Data show continued COVID-19 strain on Jennie Stuart

For the week of Dec. 18 through 24, the hospital reached record highs for the total number of inpatient beds occupied by coronavirus patients and its overall proportion of COVID-19 patients.

This story is part of an occasional series from Hoptown Chronicle about how the coronavirus pandemic is impacting Jennie Stuart Medical Center. See more coverage.

Updated hospital-level data released by the federal government on Monday shows a continued strain on Jennie Stuart Medical Center due to the coronavirus pandemic.

For the week of Dec. 18 through 24, the hospital reached record highs for the total number of inpatient beds occupied by coronavirus patients and its overall proportion of COVID-19 patients.

During the week of Dec. 18, an average of 23% of all inpatient beds were occupied by coronavirus patients, up from 20% the week before. The percentage reached 23% once before — during the week of Nov. 20 — but has never exceeded that level, according to the data.

According to a framework developed by the Institute for Health Metrics and Evaluation at the University of Washington, 20% is the threshold that indicates a hospital is under “extreme stress.” It’s a level Jennie Stuart has been at for five of the last six weeks, according to the data released by the U.S. Department of Health and Human Services.

This week’s update also shows that during the same time frame, an average of 50% of all adult patients treated at the hospital were COVID-19 patients — a record high. The highest the ratio ever previously reached was 48%, on Nov. 20.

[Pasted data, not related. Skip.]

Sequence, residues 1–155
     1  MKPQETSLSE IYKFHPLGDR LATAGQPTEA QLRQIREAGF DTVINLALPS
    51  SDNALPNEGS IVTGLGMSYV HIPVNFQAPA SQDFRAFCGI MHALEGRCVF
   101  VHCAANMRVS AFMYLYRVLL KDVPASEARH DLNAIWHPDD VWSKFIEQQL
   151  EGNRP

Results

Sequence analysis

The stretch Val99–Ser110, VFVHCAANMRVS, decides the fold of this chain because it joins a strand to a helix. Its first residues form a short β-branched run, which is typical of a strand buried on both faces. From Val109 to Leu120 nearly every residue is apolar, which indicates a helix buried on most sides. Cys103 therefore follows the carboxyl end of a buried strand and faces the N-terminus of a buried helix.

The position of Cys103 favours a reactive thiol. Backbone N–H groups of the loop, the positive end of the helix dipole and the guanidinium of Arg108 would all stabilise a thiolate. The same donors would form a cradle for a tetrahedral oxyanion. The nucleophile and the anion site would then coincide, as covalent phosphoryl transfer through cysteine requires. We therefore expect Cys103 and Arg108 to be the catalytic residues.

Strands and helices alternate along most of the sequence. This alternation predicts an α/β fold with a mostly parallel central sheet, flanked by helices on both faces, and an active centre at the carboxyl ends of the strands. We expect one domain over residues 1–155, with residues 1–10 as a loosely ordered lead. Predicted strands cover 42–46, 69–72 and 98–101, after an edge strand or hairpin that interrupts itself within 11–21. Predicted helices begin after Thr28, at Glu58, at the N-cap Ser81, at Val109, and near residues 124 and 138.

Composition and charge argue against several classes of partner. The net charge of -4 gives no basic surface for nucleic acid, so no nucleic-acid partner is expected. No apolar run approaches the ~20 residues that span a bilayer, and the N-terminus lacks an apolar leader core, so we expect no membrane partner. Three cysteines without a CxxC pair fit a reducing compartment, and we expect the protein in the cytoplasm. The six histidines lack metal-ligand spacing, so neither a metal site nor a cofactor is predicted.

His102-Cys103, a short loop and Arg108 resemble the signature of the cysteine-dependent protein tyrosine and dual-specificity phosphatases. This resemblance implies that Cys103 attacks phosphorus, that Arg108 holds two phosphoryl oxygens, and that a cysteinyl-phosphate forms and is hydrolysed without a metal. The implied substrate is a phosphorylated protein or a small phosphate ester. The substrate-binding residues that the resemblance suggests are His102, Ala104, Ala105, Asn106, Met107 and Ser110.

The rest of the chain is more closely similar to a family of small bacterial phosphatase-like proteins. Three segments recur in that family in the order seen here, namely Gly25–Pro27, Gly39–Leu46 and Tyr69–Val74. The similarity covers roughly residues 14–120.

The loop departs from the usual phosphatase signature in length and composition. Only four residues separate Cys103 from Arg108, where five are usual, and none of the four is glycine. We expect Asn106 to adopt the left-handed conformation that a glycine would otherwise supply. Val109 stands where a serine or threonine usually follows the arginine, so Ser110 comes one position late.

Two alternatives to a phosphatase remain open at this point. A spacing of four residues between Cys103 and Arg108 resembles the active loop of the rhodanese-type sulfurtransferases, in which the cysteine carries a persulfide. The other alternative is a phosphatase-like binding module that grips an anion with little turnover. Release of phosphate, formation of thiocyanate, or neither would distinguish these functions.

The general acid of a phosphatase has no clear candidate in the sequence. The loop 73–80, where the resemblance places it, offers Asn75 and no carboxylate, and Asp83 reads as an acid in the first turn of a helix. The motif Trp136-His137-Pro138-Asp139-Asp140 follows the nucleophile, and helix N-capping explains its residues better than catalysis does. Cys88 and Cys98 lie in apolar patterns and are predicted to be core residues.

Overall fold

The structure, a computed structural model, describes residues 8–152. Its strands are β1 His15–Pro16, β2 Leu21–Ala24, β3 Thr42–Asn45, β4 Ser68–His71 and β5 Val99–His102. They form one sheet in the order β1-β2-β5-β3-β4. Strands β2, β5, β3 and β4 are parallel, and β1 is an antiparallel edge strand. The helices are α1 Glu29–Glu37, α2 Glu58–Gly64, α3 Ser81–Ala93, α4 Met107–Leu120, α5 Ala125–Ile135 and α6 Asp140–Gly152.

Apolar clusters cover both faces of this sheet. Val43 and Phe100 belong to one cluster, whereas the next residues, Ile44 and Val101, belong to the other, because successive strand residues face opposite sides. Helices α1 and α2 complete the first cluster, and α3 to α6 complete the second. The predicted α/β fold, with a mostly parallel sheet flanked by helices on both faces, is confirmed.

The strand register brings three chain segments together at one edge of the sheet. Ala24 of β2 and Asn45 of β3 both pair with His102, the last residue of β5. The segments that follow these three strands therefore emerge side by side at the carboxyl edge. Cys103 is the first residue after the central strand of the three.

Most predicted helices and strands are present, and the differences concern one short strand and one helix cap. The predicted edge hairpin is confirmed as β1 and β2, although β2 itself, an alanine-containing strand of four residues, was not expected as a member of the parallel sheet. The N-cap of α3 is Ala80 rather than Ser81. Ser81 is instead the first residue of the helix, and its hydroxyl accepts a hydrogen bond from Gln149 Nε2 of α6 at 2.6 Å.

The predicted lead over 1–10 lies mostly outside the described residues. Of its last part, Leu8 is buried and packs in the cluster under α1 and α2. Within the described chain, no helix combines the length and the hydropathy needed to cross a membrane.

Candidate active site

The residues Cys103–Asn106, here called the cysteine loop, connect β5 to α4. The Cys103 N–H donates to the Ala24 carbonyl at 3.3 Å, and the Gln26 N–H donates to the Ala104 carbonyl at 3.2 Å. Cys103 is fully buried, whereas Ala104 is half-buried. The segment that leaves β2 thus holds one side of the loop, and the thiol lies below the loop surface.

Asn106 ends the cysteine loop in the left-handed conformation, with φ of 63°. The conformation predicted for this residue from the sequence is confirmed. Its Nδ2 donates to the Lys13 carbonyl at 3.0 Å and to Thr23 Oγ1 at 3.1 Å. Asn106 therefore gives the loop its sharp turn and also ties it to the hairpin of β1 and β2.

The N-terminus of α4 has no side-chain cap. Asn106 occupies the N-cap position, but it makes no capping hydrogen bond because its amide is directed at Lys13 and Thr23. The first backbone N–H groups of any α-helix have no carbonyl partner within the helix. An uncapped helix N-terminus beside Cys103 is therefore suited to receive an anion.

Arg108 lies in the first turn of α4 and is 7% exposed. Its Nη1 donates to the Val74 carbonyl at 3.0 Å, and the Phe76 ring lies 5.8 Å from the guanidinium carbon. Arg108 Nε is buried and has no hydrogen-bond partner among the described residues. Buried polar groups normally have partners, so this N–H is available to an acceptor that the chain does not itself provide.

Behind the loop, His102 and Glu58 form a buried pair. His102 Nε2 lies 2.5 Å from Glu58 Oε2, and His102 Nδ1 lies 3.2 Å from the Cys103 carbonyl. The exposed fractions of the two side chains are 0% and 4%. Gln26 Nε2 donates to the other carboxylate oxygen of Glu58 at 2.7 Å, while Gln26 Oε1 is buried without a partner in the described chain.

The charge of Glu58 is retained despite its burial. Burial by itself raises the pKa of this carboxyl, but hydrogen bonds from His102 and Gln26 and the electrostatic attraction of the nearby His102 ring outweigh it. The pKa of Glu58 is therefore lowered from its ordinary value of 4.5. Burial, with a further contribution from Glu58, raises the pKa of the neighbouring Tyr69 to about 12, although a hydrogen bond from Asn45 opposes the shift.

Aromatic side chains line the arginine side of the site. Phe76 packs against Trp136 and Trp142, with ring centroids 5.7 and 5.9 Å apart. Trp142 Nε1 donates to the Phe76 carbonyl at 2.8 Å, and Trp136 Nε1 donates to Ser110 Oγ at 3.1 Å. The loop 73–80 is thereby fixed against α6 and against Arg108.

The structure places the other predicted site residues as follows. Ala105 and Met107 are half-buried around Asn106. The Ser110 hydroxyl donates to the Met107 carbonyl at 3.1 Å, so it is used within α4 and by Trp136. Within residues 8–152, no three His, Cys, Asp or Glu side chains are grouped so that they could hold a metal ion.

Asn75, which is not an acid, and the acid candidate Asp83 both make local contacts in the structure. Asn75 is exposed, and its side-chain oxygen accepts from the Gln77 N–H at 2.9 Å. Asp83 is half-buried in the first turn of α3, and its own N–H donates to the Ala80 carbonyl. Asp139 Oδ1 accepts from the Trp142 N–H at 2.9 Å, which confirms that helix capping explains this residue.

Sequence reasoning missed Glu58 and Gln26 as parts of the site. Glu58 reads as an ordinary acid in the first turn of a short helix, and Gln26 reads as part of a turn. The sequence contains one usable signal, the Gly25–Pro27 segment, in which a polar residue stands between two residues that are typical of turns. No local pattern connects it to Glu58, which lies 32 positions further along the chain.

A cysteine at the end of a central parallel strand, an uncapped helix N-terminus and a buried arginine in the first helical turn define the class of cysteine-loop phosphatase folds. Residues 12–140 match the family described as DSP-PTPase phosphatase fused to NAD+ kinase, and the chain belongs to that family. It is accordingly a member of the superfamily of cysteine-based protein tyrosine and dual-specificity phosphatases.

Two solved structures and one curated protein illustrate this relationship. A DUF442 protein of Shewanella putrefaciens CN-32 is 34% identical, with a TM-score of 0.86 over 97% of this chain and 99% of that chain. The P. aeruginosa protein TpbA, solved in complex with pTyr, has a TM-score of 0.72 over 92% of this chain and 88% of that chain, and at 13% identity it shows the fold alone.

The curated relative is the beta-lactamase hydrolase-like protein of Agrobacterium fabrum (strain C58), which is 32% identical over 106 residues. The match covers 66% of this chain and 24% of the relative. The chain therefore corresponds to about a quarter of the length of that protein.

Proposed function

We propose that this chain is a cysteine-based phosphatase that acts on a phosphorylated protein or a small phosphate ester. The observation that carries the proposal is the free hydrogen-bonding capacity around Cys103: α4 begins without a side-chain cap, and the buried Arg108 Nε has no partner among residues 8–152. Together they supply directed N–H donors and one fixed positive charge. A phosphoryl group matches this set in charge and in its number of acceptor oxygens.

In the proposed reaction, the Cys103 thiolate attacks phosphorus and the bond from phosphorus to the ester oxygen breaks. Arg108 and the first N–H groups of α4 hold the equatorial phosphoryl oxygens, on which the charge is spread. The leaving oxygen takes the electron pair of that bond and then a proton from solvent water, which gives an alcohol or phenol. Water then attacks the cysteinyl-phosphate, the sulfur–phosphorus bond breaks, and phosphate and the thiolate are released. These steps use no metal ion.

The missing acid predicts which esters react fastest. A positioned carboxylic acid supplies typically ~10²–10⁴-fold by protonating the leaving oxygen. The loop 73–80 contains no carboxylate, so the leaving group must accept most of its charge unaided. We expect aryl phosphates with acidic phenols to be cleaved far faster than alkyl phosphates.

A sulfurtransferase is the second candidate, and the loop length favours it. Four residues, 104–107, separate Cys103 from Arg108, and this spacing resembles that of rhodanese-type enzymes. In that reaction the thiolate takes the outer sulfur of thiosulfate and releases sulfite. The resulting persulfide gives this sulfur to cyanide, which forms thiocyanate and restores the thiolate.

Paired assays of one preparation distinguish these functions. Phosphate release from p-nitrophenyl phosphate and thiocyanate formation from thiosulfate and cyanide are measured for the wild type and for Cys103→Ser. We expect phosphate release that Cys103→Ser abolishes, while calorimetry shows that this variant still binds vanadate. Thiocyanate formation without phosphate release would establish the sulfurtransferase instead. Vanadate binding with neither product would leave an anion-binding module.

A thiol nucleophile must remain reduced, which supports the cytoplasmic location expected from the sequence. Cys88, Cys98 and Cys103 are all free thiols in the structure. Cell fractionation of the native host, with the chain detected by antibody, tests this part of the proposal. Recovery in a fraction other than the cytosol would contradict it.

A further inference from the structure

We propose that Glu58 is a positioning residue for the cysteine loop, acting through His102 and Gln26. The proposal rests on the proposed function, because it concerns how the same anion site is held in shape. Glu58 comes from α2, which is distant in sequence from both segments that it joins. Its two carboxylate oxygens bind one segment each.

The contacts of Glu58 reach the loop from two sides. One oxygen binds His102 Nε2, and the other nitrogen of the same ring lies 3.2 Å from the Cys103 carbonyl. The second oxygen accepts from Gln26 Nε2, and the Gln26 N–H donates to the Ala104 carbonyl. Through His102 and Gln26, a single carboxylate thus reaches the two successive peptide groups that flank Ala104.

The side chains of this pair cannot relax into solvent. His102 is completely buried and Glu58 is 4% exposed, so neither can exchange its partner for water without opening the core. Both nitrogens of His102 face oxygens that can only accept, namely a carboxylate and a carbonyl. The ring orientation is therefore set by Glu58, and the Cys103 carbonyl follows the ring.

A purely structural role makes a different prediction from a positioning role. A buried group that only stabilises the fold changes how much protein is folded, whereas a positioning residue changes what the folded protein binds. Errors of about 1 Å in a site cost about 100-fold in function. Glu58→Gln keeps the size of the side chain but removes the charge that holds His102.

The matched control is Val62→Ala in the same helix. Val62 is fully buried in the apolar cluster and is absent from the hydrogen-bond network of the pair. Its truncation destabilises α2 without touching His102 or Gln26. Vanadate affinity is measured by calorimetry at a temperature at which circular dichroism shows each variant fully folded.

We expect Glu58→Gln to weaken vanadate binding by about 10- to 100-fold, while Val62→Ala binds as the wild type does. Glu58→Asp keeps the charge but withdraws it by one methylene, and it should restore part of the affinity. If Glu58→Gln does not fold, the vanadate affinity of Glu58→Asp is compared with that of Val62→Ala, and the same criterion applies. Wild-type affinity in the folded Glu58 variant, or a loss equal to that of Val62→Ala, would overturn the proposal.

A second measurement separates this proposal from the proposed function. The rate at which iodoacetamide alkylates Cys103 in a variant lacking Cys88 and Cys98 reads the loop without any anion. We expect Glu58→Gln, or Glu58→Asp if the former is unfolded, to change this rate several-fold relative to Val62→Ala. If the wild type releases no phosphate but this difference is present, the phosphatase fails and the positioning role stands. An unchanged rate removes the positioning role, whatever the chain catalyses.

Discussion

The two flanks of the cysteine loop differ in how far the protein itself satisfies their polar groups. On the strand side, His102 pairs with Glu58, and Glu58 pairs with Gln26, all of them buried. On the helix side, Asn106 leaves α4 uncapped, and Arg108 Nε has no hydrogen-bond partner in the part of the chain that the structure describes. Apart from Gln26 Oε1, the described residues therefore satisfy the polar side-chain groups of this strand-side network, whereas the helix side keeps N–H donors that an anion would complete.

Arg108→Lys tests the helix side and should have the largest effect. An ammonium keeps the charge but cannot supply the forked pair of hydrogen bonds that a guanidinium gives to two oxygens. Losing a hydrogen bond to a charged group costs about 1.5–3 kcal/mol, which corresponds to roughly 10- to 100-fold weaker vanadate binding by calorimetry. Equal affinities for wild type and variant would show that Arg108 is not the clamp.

Patients being treated for the virus require significantly more resources than others — specifically, staffing resources — so, having high levels of COVID-19 patients can present unique challenges, Beth McCraw, the hospital’s vice president of nursing and clinical services, previously told Hoptown Chronicle.

In order to meet the recent surge of coronavirus patients, the hospital has adjusted nurse-to-patient ratios, hired additional health care workers, evaluated elective procedures, redeployed staff to other areas of the hospital, increased the number of non-licensed support employees and hired additional paramedics to help in the emergency department, McCraw said.

As of Monday morning, the hospital was treating 23 patients for COVID-19, spokeswoman Selina Staub confirmed. Over the last week, the hospital has treated an average of 25 coronavirus patients per day.

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Julia Hunter | Hoptown Chronicle

Julia Hunter is co-founder and engagement editor of Hoptown Chronicle. She began her journalism career as a reporter and news editor at the Kentucky New Era and now lives in Madison, Wisconsin, where she serves as the membership & communications director for the Wisconsin Newspaper Association. Reach her at julia@hoptownchronicle.org and find her on Twitter at @JuliaMHunter.